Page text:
If the Ohio State football team needed something to steady its nerves, a 66-0 blowout against Kent State on Saturday was about the best medicine it could get.
Despite being heavy favorites against the MAC team, the Buckeyes entered the game with a number of uncertainties. News of junior defensive lineman Noah Spence’s ineligibility broke less than 24 hours before the game after he reportedly failed a second drug test, and a defeat against unranked Virginia Tech a week before left questions of the level at which OSU could compete without senior quarterback Braxton Miller.
The Buckeyes left all questions at the door with the win over the Golden Flashes, something OSU coach Urban Meyer said he expected to see.
“I thought we would (play like that) after the week of practice we had,” Meyer said Saturday following the game. “We’ve all been in those games where you’re just sloppy for the 30 minutes, and it just wasn’t the case.”
After struggling mightily against the Virginia Tech Hokies Sept. 6, the Buckeye offense found its footing against the Golden Flashes.
For most of the game, KSU played a conservative defense: hybrids of 4-3 and 3-4 with two safeties back in coverage.
Redshirt-freshman quarterback J.T. Barrett dissected all forms of the Kent State defense, and threw for 312 yards and tied an OSU record with six touchdowns. The Buckeyes had five receivers with at least 40 yards and the team amassed a combined 284 rushing yards. Sophomore punter Cameron Johnston got work only once, when the game had long been decided in the fourth quarter.
KSU, meanwhile, was held to just 126 total yards and punted the ball 11 times.
OSU was able to practically run out the clock for the entire second half after redshirt-sophomore Cardale Jones came into replace Barrett at quarterback, and the Buckeyes continued to dominate each possession while Jones only completed two passes.
In his postgame interview, Meyer acknowledged “a little talent advantage” OSU has, but said the game should be helpful in building chemistry.
Despite the obvious mismatch, it was a game coaches and players said was important get back on track.
“We needed that. We needed a big win for ourselves and to show Buckeye nation that there’s nothing to worry about,” sophomore running back Ezekiel Elliott said.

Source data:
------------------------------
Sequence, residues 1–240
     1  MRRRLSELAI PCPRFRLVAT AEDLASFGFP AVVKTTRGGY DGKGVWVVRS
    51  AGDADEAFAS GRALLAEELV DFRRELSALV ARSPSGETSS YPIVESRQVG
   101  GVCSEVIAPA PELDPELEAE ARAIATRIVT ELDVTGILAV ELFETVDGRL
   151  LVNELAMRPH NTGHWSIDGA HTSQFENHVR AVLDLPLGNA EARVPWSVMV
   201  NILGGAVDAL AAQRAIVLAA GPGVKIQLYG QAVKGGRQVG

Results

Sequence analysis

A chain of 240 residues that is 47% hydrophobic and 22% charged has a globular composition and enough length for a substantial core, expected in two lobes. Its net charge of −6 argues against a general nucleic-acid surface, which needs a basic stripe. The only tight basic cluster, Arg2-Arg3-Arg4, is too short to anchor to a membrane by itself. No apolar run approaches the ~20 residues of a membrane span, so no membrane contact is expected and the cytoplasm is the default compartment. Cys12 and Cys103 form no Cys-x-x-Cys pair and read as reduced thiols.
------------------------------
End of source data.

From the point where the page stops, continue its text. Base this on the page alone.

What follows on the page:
Offensive coordinator and quarterbacks coach Tom Herman said the team’s major problems that were exposed by Virginia Tech were an issue of planning and execution, not talent.
“Our plan was better, and our execution of the plan was better,” Herman said about the KSU game.
Scheme aside, Meyer had also criticized his players the previous week for “disappointing” him, and said the fundamentals of the team were much better Saturday.
Fundamentals were also the biggest thing Herman said the coaches hoped to see improve, especially in a game against a lower level of competition.
“I was, for the most part, pleased,” Herman said. “Seeing the fruits of that labor on the scoreboard, I hope that will give them confidence going forward.”
If the Buckeyes needed to prove something Saturday, it’s hard to know for sure if it was possible to do that against a MAC team that was also defeated by Ohio University and the University of South Alabama in preceding weeks.
Redshirt-freshman offensive lineman Billy Price said he believed the result of the game had less to do with an unmatched pairing and more to do with the Buckeyes’ effort.
“I wouldn’t say it’s because we played a MAC team. For goodness sake, look at (Northern Illinois) last year, playing big teams and taking care of business. Whether it was (KSU) or another team, it was something we had to do,” he said.
The Buckeyes will have to wait to see if their success Saturday is an indication of more to come against tougher opponents.
OSU is set to have a bye this week and is scheduled to host Cincinnati before the beginning of Big Ten play Oct. 4, when the team travels to Maryland.